Nash reflects:    "We are a very decent rock ‘n’ roll band, from one acoustic guitar to the mayhem of all of us playing electric. There was such an incredible amount going on in society at the time: Vietnam coming to an end, Watergate with Richard Nixon getting found out. It was a tough time and I think the band, as human beings, were responding to what was going on it our world...Everything sounds different when Neil’s there. He adds a certain edge, a certain mystery. It’s very different when Neil plays with us, and he knows it, and we know, too. I used to stand in the middle of those two guys [Stills and Young] and they were, you know, prodding each other and pushing each other to do better. I stood in the middle of all that madness and was just amazed at their musicianship. I gotta tell you that once we got on that stage, the bulls–t fell away. Because by far, the most important thing about of our relationship is the music, and we’re smart enough to know that."

Young would reveal:    "I think people really have that friction business out of hand. Stephen and I just play really good together. People can’t comprehend that we both can play lead guitar in the band and not fight over it. We have total respect for musicianship and we both bring out the perfectionist in each other. We both enjoy that. It’s part of doing what we do. In that respect being at loggerheads has worked to our advantage. Stephen Stills and I have made some incredible music with each other. Especially in the Springfield. We were young. We had a lot of energy...[I joined CSNY because of] Stephen. I love playing with the other guys, but playing with Stephen is special. David an excellent rhythm guitarist and Graham sings so great…shit, I don’t have to tell anybody those guys are phenomenal. I knew it would be fun. I didn’t have to be out front. I could lay back. It didn’t have to be me all the time. They were a big group and it was easy for me. I could still work double time with Crazy Horse. With CSNY, I was basically just an instrumentalist that sang a couple of songs with them. And the music was great. CSNY, I think, has always been a lot bigger thing to everybody else than it is to us. People always refer to me as Neil Young of CSNY, right? It’s not my main trip. It’s something that I do every once in a while. I’ve constantly been working on my own trip all along. And now that Crazy Horse is back in shape, I’m even more self-motivated...For sure CSNY put my name out there. They gave me a lot of publicity...I joined CSNY and was still working a lot with Crazy Horse…I was playing all the time. And having a great time."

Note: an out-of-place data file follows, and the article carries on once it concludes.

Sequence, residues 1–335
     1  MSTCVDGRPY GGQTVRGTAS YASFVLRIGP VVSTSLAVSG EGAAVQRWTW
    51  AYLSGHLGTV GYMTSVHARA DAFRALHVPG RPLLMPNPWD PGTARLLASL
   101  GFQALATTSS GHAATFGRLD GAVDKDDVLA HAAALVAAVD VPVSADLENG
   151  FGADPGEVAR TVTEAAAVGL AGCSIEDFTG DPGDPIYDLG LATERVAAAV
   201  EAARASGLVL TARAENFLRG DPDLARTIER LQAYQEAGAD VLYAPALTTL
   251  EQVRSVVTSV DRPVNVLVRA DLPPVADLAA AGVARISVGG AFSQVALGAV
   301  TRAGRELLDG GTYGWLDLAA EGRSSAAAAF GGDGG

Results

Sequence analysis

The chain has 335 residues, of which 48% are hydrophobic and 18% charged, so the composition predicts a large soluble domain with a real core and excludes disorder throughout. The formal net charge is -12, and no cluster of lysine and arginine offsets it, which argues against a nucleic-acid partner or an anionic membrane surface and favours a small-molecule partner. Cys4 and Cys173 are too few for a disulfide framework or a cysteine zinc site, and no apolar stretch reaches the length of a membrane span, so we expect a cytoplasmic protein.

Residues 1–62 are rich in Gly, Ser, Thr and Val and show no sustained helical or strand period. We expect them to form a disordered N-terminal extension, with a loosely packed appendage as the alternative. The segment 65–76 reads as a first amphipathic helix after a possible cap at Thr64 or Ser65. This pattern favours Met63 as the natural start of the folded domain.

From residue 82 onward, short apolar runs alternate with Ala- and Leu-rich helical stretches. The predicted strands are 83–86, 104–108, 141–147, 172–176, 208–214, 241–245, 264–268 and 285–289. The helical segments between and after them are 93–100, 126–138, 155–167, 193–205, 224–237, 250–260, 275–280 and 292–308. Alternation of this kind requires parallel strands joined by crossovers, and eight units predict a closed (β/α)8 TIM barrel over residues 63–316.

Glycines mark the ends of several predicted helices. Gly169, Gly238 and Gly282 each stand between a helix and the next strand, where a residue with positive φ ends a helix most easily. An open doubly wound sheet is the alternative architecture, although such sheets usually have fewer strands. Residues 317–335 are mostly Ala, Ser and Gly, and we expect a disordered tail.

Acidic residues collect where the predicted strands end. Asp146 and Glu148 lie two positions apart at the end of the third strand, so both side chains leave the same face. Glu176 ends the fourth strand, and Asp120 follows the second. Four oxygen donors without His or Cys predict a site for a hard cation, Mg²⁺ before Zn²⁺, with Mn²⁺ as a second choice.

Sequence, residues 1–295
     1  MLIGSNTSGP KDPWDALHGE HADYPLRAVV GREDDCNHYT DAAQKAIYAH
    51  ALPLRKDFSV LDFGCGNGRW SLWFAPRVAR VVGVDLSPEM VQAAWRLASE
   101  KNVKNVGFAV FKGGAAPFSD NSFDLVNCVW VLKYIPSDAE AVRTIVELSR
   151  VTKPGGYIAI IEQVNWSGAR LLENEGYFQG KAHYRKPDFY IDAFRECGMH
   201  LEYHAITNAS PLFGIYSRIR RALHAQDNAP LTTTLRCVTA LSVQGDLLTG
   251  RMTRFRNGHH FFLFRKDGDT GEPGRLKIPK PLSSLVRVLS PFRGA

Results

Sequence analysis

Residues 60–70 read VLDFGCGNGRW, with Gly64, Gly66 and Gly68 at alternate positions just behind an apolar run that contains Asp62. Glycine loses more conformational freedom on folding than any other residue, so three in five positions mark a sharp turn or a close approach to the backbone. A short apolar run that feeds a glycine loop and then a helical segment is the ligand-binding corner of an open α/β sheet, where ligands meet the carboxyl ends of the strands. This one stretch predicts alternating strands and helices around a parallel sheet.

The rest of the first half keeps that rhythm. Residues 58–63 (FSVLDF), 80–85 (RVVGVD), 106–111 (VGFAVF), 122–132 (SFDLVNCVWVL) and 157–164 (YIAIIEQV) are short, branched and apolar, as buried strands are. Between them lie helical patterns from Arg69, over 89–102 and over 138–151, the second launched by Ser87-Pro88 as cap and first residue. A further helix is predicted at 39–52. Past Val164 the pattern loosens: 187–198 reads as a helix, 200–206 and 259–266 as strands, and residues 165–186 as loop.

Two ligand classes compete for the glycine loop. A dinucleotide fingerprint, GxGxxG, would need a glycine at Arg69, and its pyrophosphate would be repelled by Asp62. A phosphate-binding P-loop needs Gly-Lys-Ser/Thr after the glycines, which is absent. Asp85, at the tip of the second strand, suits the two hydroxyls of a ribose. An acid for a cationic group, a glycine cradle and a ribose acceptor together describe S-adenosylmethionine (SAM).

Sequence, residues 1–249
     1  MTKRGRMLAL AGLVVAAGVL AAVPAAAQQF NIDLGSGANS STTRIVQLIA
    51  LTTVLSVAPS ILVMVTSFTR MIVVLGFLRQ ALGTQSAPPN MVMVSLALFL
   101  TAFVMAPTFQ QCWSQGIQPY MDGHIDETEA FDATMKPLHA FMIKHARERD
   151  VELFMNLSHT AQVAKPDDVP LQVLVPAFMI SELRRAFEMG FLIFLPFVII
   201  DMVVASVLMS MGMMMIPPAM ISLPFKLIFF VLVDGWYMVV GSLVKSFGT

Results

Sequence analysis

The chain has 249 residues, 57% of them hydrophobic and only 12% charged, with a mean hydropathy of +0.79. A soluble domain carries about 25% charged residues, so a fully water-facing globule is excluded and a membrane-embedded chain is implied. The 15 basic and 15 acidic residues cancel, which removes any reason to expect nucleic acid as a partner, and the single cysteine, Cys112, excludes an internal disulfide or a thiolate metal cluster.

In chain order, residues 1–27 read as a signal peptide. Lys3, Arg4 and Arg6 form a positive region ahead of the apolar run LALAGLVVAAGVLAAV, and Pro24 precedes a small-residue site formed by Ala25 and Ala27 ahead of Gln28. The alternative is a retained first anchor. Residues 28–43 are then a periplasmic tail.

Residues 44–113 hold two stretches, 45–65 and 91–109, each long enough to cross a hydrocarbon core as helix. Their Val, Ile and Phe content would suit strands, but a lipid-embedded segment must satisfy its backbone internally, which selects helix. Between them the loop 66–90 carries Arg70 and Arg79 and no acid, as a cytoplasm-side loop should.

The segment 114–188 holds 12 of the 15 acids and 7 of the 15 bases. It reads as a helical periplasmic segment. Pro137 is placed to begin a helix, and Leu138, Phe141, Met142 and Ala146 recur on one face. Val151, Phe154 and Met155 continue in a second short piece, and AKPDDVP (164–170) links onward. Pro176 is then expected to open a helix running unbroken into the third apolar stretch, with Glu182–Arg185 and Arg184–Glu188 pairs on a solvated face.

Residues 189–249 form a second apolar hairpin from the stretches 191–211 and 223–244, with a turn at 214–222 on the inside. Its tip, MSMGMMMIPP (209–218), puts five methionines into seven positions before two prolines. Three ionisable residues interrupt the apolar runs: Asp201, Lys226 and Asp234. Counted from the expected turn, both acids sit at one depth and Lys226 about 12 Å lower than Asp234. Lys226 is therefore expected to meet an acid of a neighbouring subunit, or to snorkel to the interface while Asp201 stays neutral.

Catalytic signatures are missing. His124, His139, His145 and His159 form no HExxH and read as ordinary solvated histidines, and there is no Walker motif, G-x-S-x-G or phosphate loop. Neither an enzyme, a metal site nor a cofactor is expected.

'Déjà Vu'  became an even bigger success than their debut, selling over seven million copies worldwide and going to number five in the UK and number one in Australia and the US.    

'Déjà Vu' full album:

Side one
1. "Carry On"   Stephen Stills 4:26
2. "Teach Your Children"   Graham Nash 2:53
3. "Almost Cut My Hair"   David Crosby 4:31
4. "Helpless"   Neil Young 3:33
5. "Woodstock"   Joni Mitchell 3:54
Side two
1. "Déjà vu"   David Crosby 4:12
2. "Our House"   Graham Nash 2:59
3. "4 + 20"   Stephen Stills 2:04
4. "Country Girl (Whiskey Boot Hill/Down Down Down/"Country Girl" (I Think You're Pretty)"   Neil Young 5:11
5. "Everybody I Love You"   Stephen Stills, Neil Young 2:21

Crosby, Stills, Nash And Young - Deja Vu (Full... by maxisbond67

live December 14, 1969